Tap on and choose 'Add to Home Screen' to create a shortcut app

Tap on and choose 'Add to Home Screen/Install App' to create a shortcut app

Complications of Therapies for Hydrocephalus After Intraventricular Hemorrhage in Infants

This page was last updated on April 8th, 2024

Surgical Complications

Shunts placed in premature infants have higher rates of infection and obstruction.


  • Rate of 20–30%: Most large shunt outcome studies report an infection rate in full-term infants and older children as 5–7%, whereas in the preterm/low-birth-weight infants the infection rate may be as high as 20–30% (80).
  • Immature immune system: The immaturity of the infant’s immune system is the main reason for the high infection rate.
  • Results in 10-point drop in IQ: Shunt infection and ventriculitis seriously impact the child’s neurodevelopmental outcome and can reduce IQ scores by 10 points (85).

Multiloculated ventricles

  • Inflammation results in septations: Ventriculitis contributes to subependymal inflammatory gliosis and formation of intraventricular deposits upon which exudates and debris collect. These are the basis of intraventricular septa formation which can obstruct CSF outflow routes and cause multiloculated hydrocephalus (69).

CT scan of multiloculated ventricles: A 14 month-old boy who had a grade IV IVH and required treatment with an EVD. Treatment was complicated by a ventriculitis and the gradual development of multiloculated hydrocephalus.


T2-weighted axial MRI of multiloculated ventricles: A 2-year-old female who had a grade IV IVH at birth. Note cystic necrosis surrounding left occipital horn.



  • Management seeks to simplify: Multiloculated ventricles are very challenging and difficult to treat. Surgical options are cystoperitoneal shunting, stereotactic cyst aspiration, craniotomy for open fenestration of septations, and neuroendoscopic cyst fenestration. The goal is to simplify cystoventricular anatomy, usually by endoscopic cyst fenestration, and then shunt a single compartment with one catheter.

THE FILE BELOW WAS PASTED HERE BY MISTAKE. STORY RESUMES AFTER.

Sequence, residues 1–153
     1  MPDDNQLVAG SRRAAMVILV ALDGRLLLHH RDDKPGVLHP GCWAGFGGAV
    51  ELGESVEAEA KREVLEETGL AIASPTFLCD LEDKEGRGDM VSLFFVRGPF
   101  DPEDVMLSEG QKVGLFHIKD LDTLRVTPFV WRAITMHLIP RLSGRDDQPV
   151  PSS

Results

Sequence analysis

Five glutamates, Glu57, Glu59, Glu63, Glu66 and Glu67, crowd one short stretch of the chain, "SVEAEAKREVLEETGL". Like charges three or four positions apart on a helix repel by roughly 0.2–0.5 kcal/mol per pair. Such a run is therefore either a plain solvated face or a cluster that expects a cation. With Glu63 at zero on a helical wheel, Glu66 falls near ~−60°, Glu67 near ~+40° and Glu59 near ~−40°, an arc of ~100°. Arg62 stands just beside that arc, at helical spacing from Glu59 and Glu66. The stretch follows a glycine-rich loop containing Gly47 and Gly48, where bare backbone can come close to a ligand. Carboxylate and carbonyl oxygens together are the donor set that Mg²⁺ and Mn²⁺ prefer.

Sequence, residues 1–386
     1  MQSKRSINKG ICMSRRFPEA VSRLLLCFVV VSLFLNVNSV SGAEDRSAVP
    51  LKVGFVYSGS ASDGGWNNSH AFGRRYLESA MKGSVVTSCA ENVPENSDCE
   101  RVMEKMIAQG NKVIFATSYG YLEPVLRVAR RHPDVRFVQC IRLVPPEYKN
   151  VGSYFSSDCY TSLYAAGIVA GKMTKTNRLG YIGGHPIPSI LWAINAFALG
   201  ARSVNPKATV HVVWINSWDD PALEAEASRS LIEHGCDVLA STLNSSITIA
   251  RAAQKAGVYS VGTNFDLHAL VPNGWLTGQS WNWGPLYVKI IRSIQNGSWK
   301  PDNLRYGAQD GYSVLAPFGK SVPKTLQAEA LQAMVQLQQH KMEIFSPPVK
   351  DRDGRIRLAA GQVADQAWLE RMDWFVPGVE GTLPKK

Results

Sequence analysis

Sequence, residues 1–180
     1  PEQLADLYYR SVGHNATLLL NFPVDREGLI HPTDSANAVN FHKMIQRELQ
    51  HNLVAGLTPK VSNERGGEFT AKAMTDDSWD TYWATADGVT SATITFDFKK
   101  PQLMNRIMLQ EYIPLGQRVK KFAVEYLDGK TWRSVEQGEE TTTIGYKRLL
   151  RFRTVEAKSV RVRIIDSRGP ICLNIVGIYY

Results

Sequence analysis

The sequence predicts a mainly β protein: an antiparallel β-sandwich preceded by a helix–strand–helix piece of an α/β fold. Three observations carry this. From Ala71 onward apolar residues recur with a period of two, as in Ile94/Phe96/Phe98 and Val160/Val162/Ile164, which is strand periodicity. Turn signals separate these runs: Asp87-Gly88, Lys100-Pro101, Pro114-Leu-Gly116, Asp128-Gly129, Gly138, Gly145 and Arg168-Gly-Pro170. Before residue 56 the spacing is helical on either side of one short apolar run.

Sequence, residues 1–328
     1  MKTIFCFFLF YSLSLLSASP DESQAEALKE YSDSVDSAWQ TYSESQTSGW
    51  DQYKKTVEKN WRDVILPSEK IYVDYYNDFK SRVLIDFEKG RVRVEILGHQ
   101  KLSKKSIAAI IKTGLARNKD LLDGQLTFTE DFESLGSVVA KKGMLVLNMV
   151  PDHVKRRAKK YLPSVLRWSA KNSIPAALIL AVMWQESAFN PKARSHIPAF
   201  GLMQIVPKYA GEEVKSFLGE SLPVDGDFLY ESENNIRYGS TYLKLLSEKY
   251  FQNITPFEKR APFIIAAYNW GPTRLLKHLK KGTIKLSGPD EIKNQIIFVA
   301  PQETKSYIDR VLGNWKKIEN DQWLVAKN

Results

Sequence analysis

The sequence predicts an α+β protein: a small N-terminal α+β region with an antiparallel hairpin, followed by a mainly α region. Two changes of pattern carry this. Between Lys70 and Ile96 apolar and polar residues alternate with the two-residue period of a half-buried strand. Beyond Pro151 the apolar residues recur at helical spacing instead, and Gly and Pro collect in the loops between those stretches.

Isolated fourth ventricle

  • Infection increases incidence: Isolated fourth ventricle can be seen in infants after IVH, but ventricular infection significantly increases the rate of this complication. The blockage of the aqueduct and the foramina of Magendie and Luschka by arachnoid scarring, subependymal gliosis, and septal formation in combination with continuous CSF production by the fourth ventricular choroid plexus results in isolation and expansion of the fourth ventricle.

T1-weighted sagittal MRI of isolated fourth ventricle: An 18-year-old man who experienced a grade IV IVH at birth, resulting in the need for a shunt. This MRI shows a dilated fourth ventricle, presumably due to scarred, obstructed inlets and outlets to the ventricle.


  • Indolent signs of brainstem dysfunction: Compression of adjacent brainstem and vermis can be suspected clinically by signs such as ataxia, cranial nerve palsies, hemiplegia, vomiting, and breathing abnormalities.
  • Treatment by shunting, aqueductoplasty or endoscopic fenestration: Treatment options are surgical and aim to restore communication between the fourth and third ventricles or to provide permanent relief of the fourth ventricle’s expansion by shunting. The latter goal can be achieved with a ventricular catheter inserted with neuronavigation or with an open technique and shunting to the peritoneum. The catheter should float freely in the ventricle, but there is danger of entering the brainstem after the ventricle shrinks. Neuroendoscopic techniques can reopen the occluded aqueduct and restore communication between the third and fourth ventricles. Cerebral aqueductoplasty can be performed by a frontal or a suboccipital approach, and placement of a stent into the aqueduct has been found more effective for preventing repeated occlusion than aqueductoplasty alone (13).